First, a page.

9.      The day before…Visit your testing site  The day of the exam, I knew exactly how to get there, without a thought, reserving my brain cells for the job at hand.  I had to drive to the site, so I made sure my GPS was prepared, and I also checked it out on google maps to do a street view.  I knew once I got to the Dunkin Donuts, I was half a block away.  I also made sure I knew where parking was, and I went in the building, and saw it was the second floor.  And I decided I would choose a different way home than the day before so I clicked “shortest distance,” and I was on my way.

10.   Pack a snack attack.  I was not allowed to take any food in the room with me – in fact everytime I had to reenter the room with my license and signature, I had to invert my pockets. You get an assigned locker, so I had to keep a granola bar, a banana and a bottle of water on top of the lockers to come out to and stretch.  And be sparing with the water, unless you want to get up and leave the room again shortly thereafter.  Remember, this isn’t the Tour de France!

11.   Be smart about what you >can< wear.

a.       Sweatshirt/dress light  Note on this – I was expecting the site to be chilly for some reason, but there were about 15 people in one close room with heat-generating PCs – luckily, the proctor sat me close to a fan.  Be prepared!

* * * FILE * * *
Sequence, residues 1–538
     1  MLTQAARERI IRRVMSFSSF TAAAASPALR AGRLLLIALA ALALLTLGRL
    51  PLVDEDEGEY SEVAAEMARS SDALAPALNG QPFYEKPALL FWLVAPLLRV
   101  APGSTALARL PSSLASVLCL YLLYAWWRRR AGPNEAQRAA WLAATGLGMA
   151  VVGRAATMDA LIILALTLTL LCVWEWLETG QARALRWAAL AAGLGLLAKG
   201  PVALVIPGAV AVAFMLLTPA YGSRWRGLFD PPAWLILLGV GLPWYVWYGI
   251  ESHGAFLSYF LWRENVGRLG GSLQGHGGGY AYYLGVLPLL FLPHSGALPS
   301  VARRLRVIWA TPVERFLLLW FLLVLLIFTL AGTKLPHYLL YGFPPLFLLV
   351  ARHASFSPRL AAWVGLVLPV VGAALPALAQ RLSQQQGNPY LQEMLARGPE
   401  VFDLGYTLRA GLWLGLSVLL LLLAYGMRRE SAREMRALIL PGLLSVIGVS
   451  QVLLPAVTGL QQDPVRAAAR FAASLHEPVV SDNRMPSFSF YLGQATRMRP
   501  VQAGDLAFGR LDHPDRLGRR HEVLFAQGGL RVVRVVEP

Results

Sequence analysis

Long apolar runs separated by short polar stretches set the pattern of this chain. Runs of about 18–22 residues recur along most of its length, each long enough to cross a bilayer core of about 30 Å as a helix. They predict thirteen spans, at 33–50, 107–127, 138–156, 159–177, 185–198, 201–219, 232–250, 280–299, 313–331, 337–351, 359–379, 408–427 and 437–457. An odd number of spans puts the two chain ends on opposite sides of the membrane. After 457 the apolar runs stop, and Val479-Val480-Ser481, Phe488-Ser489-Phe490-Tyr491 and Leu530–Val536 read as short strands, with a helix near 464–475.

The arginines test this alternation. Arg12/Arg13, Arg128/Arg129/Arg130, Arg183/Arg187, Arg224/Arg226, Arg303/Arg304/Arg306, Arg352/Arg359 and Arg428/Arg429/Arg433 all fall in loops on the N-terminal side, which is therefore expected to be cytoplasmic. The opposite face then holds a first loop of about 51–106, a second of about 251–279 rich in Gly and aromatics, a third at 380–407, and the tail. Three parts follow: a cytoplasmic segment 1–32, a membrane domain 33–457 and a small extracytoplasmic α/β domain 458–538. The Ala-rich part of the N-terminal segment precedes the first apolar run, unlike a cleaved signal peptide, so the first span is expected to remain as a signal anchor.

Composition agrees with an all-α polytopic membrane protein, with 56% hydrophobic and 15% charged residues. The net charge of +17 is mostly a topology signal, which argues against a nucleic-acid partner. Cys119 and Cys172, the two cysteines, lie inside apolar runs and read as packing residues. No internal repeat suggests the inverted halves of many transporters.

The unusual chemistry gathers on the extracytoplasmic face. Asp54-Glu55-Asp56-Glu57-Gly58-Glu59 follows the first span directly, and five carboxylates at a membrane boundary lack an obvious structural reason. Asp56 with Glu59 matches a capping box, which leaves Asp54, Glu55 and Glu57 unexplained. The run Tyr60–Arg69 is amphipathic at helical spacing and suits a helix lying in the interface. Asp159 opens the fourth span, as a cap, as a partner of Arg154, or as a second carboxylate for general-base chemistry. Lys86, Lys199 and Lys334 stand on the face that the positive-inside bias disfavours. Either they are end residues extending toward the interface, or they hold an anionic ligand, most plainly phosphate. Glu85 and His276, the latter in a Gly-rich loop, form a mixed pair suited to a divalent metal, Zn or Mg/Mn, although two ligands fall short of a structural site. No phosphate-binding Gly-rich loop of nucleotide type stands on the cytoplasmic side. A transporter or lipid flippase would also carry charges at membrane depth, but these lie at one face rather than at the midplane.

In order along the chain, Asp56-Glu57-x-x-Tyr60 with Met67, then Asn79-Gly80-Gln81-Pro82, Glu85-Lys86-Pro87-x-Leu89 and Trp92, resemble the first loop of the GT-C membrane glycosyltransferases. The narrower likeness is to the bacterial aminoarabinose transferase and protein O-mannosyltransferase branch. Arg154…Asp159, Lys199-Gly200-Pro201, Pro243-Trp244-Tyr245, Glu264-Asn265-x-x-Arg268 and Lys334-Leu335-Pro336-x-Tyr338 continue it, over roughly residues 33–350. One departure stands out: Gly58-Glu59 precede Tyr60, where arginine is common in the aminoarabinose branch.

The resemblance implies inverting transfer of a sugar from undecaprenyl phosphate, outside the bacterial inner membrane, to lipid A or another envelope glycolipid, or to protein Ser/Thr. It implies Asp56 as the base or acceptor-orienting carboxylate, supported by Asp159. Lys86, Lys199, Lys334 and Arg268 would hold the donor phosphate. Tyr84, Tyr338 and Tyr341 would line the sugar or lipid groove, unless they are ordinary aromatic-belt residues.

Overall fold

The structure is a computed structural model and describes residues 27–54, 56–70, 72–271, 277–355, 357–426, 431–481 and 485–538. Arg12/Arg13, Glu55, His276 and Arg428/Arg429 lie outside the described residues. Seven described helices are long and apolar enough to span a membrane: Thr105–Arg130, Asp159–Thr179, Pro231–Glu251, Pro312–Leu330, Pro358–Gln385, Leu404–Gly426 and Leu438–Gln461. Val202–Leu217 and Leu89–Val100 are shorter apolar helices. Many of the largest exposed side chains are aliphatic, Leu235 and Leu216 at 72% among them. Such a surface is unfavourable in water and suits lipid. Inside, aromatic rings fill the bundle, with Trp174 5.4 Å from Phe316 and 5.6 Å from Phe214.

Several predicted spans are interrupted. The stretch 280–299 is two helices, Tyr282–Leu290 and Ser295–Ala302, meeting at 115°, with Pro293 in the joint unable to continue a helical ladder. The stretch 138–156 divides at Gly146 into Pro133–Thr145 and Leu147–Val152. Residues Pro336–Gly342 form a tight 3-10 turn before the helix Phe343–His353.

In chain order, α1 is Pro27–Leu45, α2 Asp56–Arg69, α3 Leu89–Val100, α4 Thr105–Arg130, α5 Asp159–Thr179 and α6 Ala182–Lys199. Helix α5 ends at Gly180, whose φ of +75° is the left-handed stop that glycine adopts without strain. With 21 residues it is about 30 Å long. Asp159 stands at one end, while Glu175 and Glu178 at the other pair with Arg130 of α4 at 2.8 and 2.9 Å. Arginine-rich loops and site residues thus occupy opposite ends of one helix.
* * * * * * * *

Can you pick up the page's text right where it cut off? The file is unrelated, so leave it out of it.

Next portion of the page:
b.     Ear plugs.   I was warned that the testing center would have people in the room with you taking other exams, so bring ear plugs.  Other people were typing at various speeds (I think the girl next to me was typing a thesis!), and every time I got back in the room I popped in my little orange ear plugs.  I could have used the airplane runway earphones that were left at each station, and I admit, they looked pretty useful, if I worked at JFK.  My foam ones worked just fine.

12.   Think ahead.  I kept thinking of that certificate framed on my wall, and that shiny new job that will come in the not-too-distant future to make it all worth it.  When you have the “Pass” letter in hand – you never have to take the test again!  And when you do achieve success, and you will, let those that made it possible know.  I am so thankful to those that helped me, and now I spread the wealth.  Pass it on.  J